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30 in 30

Inside look at Ottawa Senators

Aim to return to Stanley Cup Playoffs with trade for Derick Brassard, solid homegrown nucleus

by Chris Stevenson / NHL.com Correspondent

NHL.com is providing in-depth roster, prospect and fantasy analysis for each of its 30 teams throughout August. Today, the Ottawa Senators.

Since Pierre Dorion was named the eighth general manager in Ottawa Senators history April 10, he has taken the organization on a path of sweeping, dramatic changes during the past four months, with the goal of returning to the Stanley Cup Playoffs.

"For us not making the playoffs was simply unacceptable," said Dorion, 44. "I wasn't hired here to bring the team to the playoffs, but to succeed in the playoffs."

The Senators finished fifth in the Atlantic Division last season, eight points behind the third-place Detroit Red Wings for the final automatic playoff spot in the division. It was the second time in the past three seasons they missed the playoffs.

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Dorion took over from Bryan Murray, who was Senators GM since 2007. Murray continues to battle Stage 4 colon cancer and cited health and family concerns for the decision to step aside.

Among Dorion's biggest moves: hiring coach Guy Boucher on May 8 to replace Dave Cameron, and acquiring veteran center Derick Brassard and a seventh-round pick in the 2018 NHL Draft in a trade with the New York Rangers for center Mika Zibanejad and a 2018 second-round pick July 18.

"Our ultimate goal is to make the playoffs again, and we feel that Derick's going to help us make the playoffs," Dorion said. "There's also more. We feel that Derick provides great talent, brings leadership into our room. He's someone that's played a lot more games in the NHL than Mika."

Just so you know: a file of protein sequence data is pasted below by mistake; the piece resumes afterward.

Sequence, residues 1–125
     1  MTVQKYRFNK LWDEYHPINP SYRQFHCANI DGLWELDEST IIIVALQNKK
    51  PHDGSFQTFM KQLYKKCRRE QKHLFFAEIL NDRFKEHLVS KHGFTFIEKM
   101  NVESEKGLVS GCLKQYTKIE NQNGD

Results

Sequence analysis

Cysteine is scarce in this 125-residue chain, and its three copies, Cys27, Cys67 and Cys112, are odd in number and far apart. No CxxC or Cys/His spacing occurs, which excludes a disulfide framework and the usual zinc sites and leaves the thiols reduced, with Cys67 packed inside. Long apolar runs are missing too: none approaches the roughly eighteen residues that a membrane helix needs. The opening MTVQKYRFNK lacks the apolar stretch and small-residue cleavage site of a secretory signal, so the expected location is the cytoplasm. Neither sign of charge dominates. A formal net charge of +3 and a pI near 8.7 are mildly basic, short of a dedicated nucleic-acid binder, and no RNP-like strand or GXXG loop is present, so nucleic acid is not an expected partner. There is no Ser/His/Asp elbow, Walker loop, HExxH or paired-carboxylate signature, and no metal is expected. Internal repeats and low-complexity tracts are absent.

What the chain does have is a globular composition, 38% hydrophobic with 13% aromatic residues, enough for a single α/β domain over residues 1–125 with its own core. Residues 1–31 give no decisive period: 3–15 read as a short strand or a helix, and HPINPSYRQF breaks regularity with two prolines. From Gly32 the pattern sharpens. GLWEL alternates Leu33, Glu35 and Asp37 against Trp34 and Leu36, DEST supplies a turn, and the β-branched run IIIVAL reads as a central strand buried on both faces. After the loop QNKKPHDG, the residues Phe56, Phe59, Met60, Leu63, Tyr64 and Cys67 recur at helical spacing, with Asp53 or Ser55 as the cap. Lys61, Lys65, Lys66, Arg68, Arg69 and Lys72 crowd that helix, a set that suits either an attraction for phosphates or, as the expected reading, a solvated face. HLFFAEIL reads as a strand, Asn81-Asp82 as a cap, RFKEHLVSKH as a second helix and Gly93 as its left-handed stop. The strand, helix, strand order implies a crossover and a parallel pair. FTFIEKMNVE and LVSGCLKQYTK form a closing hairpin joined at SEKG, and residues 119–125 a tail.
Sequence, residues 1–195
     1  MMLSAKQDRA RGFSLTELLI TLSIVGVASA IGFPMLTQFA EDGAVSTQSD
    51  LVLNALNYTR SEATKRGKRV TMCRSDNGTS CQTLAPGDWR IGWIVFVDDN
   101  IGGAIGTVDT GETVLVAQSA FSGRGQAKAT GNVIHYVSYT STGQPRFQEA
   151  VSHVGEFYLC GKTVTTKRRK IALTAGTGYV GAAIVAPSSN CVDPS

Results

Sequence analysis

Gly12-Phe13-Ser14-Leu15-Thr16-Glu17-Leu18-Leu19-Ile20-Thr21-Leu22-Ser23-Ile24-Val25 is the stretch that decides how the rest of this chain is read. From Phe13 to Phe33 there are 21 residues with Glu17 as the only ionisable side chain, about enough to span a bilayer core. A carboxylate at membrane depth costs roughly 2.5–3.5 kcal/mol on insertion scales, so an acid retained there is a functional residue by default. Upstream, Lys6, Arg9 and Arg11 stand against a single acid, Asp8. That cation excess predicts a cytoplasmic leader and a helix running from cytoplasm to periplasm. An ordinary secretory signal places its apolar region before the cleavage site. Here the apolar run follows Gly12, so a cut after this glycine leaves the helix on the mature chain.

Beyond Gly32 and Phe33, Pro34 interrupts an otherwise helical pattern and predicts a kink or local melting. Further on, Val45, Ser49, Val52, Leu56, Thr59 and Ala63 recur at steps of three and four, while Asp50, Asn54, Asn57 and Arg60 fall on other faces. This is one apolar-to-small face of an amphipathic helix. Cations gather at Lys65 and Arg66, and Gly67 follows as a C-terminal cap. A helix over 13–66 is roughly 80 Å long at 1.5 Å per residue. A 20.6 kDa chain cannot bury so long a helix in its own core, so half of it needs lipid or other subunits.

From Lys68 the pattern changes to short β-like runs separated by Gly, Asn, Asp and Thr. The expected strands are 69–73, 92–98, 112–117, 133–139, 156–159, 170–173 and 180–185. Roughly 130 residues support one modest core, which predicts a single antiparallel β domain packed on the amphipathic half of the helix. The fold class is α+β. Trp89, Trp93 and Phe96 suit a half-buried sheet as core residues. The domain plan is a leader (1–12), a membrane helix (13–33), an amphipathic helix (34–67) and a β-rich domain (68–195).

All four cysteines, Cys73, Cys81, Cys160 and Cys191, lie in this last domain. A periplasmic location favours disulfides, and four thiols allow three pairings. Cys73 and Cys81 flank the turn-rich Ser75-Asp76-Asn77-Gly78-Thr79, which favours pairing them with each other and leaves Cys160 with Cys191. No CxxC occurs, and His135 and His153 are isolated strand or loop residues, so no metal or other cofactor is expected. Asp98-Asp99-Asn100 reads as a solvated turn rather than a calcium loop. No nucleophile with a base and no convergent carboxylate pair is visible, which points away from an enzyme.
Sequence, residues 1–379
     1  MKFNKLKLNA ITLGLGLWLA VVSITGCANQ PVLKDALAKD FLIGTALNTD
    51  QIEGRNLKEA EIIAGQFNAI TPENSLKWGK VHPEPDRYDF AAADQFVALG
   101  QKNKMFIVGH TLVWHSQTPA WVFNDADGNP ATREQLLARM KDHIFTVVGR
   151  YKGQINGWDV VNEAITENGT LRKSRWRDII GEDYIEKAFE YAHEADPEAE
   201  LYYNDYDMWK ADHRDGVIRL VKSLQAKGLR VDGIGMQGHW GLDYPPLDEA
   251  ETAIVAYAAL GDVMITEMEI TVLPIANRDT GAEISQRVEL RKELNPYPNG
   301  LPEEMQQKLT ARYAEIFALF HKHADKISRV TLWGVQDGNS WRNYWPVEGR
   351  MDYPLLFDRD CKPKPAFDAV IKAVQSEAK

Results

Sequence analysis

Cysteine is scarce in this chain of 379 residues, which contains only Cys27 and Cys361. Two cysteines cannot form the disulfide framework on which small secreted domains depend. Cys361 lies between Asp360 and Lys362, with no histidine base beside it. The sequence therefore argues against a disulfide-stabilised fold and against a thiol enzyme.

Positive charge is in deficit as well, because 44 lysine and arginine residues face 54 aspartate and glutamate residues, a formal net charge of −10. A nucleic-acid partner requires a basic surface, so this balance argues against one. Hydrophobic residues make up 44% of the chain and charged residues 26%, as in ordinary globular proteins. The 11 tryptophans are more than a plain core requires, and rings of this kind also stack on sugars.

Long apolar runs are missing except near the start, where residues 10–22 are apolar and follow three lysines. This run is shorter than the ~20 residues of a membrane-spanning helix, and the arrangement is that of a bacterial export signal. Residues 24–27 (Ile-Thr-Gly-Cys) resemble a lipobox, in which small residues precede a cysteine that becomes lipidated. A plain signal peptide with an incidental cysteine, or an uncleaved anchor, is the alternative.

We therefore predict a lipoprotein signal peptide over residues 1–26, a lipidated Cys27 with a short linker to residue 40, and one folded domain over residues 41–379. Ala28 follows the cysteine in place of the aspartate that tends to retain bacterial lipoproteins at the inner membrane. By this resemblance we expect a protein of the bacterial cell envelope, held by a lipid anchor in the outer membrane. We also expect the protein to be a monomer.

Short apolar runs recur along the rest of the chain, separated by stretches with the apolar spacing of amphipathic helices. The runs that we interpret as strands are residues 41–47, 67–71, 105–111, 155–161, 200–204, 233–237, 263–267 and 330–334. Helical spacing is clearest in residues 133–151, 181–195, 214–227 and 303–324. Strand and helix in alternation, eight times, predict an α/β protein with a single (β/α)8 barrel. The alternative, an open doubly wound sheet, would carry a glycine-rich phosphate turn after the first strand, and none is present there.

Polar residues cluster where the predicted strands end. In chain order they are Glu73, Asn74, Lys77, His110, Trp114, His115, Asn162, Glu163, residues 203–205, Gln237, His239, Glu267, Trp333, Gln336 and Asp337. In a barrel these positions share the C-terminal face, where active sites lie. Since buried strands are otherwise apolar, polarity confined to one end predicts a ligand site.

Ottawa also signed veteran free agent forward Chris Kelly, who played parts of seven seasons with the Senators to begin his NHL career, to add experience and boost the penalty kill.

Special teams is one part of the Senators' game that must improve. Last season they were 26th (15.8 percent) on the power play, allowed 15 power-play goals at home and finished 29th in penalty killing (75.8 percent). They also allowed the first goal in 51 games and were outshot in 60 games.

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Those are some of the areas where the Senators hope Boucher can make them better.

Boucher, 45, had coached Bern in Switzerland the previous three seasons after coaching the Tampa Bay Lightning from 2010-13. He went 97-79-20 and led the Lightning to the 2011 Eastern Conference Final.

"He's a very passionate and intense guy which I think, for the type of team that we have, is going to fit very good," Dorion said. "He's a young mind, we have a younger team, and I think what he brings to the table and the way that he believes things work is going to match up with everything that we have in the room."

The Senators' room consists mostly of a homegrown core that includes defenseman Erik Karlsson and forwards Mark Stone, Mike Hoffman, Jean-Gabriel Pageau, Curtis Lazar and Zack Smith. Center Kyle Turris should be healthy after an ankle injury limited him to 57 games, and forward Clarke MacArthur is expected back after a concussion sidelined him the final 78 games of last season.

Though the Senators will have a bit of a new look up front, the goaltending and defense remain the same. Goalies Craig Anderson and Andrew Hammond return with Karlsson leading a group of defensemen that includes veteran Dion Phaneuf, entering his first full season with the Senators, Marc Methot, Cody Ceci (a restricted free agent), Mark Borowiecki and Chris Wideman.

"You have the players that represent your style and I think we have that," Boucher said. "Speed up front, transitioning defensemen, good goaltender, the possibility of improving the defensive side of it with structure, which I think I'm known for."

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